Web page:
From October 01, 2019 15:15 until October 01, 2019 16:30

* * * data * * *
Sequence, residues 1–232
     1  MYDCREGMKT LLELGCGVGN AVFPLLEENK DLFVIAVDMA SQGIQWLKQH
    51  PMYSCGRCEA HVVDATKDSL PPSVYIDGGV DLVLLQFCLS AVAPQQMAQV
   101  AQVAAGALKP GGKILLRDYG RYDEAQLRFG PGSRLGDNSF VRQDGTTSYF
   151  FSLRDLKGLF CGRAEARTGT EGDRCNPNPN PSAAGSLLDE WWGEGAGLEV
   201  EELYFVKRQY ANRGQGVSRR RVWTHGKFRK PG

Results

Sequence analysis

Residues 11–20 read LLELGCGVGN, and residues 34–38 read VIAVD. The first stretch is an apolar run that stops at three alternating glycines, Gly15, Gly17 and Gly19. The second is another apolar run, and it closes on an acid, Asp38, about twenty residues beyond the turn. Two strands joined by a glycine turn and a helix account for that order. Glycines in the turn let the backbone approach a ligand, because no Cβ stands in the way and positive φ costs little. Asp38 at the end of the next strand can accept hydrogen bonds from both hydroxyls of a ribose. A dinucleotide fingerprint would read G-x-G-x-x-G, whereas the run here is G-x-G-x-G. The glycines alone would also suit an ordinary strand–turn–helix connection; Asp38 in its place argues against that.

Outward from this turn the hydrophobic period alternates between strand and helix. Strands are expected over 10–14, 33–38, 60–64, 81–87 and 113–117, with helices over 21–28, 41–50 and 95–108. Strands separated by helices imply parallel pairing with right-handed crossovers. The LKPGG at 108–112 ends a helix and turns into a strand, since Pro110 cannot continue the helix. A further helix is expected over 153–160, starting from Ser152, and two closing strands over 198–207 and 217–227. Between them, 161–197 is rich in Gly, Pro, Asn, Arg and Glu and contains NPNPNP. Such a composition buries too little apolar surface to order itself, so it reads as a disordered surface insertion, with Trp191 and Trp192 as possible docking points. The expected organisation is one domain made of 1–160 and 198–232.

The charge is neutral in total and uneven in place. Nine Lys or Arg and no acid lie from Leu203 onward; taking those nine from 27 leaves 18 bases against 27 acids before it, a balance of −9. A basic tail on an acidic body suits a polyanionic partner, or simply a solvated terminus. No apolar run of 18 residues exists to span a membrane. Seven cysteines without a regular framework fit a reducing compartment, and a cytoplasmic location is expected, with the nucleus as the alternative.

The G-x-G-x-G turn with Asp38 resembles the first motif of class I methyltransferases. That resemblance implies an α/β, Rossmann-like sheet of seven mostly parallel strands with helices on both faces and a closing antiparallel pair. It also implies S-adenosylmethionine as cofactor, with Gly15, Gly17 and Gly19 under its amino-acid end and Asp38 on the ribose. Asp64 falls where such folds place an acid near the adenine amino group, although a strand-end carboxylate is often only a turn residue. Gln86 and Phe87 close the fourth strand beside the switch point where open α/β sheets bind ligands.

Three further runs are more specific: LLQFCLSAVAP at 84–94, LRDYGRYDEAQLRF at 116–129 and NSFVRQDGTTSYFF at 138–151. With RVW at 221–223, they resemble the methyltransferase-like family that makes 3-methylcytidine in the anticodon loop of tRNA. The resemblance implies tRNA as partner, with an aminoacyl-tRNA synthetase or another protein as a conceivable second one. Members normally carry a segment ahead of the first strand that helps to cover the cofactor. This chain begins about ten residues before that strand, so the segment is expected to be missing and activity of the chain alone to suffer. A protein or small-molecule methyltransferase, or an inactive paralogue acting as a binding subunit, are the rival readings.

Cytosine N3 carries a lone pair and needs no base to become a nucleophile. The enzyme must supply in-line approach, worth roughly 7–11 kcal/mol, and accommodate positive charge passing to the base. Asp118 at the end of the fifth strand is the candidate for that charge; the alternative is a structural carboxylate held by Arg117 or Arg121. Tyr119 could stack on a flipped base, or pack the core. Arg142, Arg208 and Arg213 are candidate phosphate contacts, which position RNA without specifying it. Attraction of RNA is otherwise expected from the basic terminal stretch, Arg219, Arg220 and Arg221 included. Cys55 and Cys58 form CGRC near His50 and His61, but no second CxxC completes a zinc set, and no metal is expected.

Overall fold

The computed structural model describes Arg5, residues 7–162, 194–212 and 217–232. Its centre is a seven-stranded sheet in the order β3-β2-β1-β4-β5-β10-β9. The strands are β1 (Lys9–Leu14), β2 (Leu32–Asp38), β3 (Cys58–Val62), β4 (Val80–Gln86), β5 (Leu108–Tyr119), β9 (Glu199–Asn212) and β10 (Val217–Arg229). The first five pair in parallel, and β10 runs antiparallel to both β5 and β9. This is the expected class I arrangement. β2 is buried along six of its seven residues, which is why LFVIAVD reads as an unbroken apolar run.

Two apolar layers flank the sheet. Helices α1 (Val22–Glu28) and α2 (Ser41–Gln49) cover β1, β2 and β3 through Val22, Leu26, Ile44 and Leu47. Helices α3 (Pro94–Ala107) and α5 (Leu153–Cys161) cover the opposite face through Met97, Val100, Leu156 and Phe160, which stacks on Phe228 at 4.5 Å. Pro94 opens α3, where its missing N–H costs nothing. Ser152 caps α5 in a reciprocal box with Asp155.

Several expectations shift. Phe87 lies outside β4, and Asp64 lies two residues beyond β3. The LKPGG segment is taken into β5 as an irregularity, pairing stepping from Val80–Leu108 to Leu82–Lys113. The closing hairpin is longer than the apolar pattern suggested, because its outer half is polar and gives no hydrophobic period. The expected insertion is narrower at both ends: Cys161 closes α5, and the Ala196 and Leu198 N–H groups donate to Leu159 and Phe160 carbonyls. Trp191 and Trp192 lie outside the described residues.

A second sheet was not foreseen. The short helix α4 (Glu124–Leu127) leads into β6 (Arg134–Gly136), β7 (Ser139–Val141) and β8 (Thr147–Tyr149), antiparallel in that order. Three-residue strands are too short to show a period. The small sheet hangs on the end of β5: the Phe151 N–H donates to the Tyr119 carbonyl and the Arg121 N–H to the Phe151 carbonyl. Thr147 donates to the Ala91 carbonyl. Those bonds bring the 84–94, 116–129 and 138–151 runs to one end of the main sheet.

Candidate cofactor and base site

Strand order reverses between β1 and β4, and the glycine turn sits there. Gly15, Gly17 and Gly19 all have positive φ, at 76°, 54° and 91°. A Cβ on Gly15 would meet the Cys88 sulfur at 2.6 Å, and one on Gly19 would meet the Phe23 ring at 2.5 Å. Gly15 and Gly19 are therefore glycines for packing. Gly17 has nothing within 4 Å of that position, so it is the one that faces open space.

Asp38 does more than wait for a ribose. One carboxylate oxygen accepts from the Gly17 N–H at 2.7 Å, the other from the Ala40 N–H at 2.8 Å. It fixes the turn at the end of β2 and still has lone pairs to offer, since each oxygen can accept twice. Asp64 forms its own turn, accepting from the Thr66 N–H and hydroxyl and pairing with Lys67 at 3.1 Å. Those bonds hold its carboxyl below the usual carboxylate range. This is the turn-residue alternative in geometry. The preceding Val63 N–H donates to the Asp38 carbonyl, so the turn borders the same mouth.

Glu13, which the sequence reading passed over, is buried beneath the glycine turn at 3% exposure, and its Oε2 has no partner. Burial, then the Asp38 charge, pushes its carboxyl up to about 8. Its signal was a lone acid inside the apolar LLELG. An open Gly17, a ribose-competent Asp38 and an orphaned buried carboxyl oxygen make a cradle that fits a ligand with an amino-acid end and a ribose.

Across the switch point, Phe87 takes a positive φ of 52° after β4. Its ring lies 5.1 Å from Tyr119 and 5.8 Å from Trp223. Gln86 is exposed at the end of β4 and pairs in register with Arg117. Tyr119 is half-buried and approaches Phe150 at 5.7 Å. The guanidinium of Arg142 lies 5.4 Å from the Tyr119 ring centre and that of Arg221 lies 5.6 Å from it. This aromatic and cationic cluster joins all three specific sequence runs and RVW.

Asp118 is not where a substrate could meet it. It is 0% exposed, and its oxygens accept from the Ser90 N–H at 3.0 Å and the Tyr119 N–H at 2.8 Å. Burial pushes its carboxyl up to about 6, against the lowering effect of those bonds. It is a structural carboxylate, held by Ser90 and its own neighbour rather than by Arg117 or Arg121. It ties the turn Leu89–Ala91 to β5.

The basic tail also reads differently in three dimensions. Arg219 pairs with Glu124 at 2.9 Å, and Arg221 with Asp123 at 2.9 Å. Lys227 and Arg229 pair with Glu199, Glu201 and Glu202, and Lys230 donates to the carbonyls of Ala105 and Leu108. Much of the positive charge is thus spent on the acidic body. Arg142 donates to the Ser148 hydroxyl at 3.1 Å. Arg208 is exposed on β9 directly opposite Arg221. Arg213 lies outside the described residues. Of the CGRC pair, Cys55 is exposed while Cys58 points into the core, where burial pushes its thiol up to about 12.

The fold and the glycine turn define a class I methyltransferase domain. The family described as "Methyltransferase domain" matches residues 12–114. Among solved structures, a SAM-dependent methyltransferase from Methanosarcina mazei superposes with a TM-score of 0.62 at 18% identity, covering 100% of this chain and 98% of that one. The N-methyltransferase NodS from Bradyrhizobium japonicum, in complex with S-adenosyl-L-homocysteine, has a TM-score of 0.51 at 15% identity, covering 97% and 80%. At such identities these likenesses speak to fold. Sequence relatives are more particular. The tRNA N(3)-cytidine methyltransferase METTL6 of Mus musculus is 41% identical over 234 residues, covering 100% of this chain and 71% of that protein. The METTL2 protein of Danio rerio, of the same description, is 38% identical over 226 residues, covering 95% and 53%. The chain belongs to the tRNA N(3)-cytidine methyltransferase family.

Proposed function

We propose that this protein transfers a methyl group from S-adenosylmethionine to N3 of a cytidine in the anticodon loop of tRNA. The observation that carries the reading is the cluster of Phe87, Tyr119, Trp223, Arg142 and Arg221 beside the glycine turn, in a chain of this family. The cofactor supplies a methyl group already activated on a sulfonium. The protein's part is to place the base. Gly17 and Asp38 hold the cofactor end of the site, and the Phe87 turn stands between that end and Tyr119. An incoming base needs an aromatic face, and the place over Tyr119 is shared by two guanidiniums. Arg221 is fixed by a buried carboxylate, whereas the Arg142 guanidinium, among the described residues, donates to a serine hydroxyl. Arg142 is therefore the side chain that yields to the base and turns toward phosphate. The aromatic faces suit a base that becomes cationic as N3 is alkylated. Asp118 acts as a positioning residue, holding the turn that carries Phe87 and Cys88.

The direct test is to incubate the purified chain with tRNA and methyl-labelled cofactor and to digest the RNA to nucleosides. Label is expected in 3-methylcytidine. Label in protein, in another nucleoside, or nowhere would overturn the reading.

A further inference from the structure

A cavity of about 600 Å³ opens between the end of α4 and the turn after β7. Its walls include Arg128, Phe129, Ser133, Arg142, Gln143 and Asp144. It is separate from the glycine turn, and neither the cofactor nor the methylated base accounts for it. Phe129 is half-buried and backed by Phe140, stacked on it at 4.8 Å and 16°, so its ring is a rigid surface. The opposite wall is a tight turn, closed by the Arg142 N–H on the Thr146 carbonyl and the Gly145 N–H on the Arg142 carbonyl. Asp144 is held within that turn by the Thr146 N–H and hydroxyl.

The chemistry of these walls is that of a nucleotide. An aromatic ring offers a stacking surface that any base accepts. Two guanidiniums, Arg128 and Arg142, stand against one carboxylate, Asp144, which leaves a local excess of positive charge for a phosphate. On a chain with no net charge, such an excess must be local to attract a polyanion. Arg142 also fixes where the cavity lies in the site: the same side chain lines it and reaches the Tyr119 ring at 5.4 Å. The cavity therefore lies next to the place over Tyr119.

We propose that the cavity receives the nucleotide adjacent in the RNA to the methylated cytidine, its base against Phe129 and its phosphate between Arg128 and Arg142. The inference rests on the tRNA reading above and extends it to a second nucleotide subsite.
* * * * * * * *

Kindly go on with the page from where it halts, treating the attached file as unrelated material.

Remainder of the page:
New ALMA polarization observations continue to both expand and confound our understanding of the role played by the magnetic field in low-mass star formation. The sample of very young, Class 0 protostellar sources observed with high resolution and high sensitivity with ALMA is now large enough that we are beginning to see the same surprising features in multiple sources. The first of these are magnetic field morphologies that beautifully trace the outflow cavity walls in several objects, indicating that the outflow has shaped the magnetic field. The polarization along the cavities is strongly enhanced, and in some cases is co-located with emission from UV-tracing molecules, suggesting that the origin of the enhanced polarization is the strong irradiation of the outflow cavities. The second, more puzzling set of features are thin structures with well organized magnetic fields that are not associated with outflow cavity walls, and yet have high polarization fractions in spite of being deeply embedded and far from any obvious source of the photons necessary to align the grains. I will close by discussing recent observations of polarization toward much more evolved, Class II protoplanetary disks. In the case of my work on IM Lup (one of these disks): consistent with some observations of other disks, the polarization at Bands 6 and 7 (1.3 mm and 850 microns) appears to be due to scattering by dust grains, thus complicating the search for magnetic fields in these sources. While on one hand all of these results challenge our understanding of both magnetic grain-alignment and grain growth, they also have the potential to open up new windows into the dust-grain properties and radiation environments in young star-forming sources.